0

Consider the following situation:

$ printf $'line1-v1\nline2-v1\n' > test.txt
$ git init .
$ git add test.txt 
$ git commit -m 'Initial commit'
$ printf $'line1-v2\nline2-v2\n' > test.txt

Now, magit-status looks like this:

Head:     master Initial commit

Unstaged changes (1)
modified   test.txt
@@ -1,2 +1,2 @@
-line1-v1
-line2-v1
+line1-v2
+line2-v2

Recent commits
285d881 master Initial commit

The task is to stage just the changes in the first line. But if you try doing it the obvious way (stage the removal of line1-v1 and the addition of line1-v2), the lines end up in the wrong order in the index:

Head:     master Initial commit

Unstaged changes (1)
modified   test.txt
@@ -1,2 +1,2 @@
-line2-v1
 line1-v2
+line2-v2

Staged changes (1)
modified   test.txt
@@ -1,2 +1,2 @@
-line1-v1
 line2-v1
+line1-v2

Recent commits
285d881 master Initial commit

The obvious work-around is to edit the source file and temporarily undo the changes to line2. But, is there a simpler way, which doesn't involve editing the source file?

If Magit had a way of editing the file's contents in the index, then that would be an option - one could then simply reorder the lines after staging, or just apply the edit there directly. But there is no way to do this, as far as I can tel.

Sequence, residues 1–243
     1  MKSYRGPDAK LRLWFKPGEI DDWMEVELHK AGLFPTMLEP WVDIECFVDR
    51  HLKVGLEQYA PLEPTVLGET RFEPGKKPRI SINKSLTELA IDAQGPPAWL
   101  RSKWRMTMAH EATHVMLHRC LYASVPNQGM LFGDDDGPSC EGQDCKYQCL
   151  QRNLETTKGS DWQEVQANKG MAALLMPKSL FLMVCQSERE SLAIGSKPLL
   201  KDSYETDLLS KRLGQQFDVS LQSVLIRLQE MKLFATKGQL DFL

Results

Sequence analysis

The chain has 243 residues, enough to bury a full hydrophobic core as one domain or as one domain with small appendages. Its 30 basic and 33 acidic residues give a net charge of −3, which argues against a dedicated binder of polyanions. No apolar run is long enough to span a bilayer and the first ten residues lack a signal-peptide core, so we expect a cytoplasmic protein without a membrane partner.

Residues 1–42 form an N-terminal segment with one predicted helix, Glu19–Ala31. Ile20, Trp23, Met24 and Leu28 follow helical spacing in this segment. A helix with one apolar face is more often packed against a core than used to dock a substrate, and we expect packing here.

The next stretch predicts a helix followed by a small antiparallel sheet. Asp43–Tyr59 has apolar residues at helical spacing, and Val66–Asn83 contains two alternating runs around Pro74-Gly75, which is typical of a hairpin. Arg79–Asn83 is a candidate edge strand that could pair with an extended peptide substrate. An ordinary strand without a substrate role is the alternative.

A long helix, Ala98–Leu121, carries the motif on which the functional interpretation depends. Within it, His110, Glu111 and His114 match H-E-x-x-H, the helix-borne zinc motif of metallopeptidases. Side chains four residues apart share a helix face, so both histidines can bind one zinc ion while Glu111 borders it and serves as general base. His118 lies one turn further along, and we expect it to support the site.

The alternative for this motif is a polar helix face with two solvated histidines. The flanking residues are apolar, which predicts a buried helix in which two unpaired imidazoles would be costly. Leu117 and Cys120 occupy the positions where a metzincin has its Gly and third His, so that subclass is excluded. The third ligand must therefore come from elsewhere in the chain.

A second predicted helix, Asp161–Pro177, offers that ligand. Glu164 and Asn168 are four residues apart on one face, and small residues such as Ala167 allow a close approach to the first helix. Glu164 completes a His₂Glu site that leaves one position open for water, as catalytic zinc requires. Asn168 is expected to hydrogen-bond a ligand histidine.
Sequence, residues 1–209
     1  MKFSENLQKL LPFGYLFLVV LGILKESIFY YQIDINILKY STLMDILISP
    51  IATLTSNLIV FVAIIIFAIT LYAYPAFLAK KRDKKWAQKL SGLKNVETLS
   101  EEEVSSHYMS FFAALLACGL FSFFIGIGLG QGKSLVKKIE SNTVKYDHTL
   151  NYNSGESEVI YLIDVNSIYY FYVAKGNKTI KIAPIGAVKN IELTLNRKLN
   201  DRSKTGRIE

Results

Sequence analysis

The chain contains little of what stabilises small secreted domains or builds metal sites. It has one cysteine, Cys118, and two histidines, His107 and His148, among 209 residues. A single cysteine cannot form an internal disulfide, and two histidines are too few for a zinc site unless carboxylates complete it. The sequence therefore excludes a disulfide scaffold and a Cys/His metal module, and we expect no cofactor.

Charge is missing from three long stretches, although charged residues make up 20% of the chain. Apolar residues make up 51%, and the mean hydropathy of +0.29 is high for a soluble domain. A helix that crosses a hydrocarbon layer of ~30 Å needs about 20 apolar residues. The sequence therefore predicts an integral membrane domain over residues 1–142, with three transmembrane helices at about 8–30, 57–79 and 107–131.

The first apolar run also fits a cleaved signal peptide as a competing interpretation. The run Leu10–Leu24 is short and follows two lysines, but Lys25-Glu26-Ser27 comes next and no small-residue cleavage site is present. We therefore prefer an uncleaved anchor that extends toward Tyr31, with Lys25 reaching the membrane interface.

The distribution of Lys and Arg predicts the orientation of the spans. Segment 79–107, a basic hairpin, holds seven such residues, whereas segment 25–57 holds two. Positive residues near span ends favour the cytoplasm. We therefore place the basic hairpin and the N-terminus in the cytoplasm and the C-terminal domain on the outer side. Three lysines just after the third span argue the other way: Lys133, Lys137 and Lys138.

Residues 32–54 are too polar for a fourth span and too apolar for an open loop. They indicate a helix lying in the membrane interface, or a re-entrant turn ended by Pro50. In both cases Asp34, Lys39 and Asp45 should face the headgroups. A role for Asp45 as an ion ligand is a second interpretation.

3

If Magit had a way of editing the file's contents in the index, then that would be an option

Magit's ediff commands allow this. Use E s (magit-ediff-stage) and choose test.txt as the file to stage (alternatively, with point on the unstaged file in the status buffer, e (magit-ediff-dwim) will do the same). This will pop up three buffers, with the middle ("B") text.txt.~index~ buffer representing the index. You can edit it as normal, or use ediff commands to apply whole hunks at a time. Then quit the ediff session with q, and answer y to the Update index with contents of text.txt.~index~ query.

2

That is not possible but I am considering a feature that would allow doing so: https://github.com/magit/magit/issues/2938.

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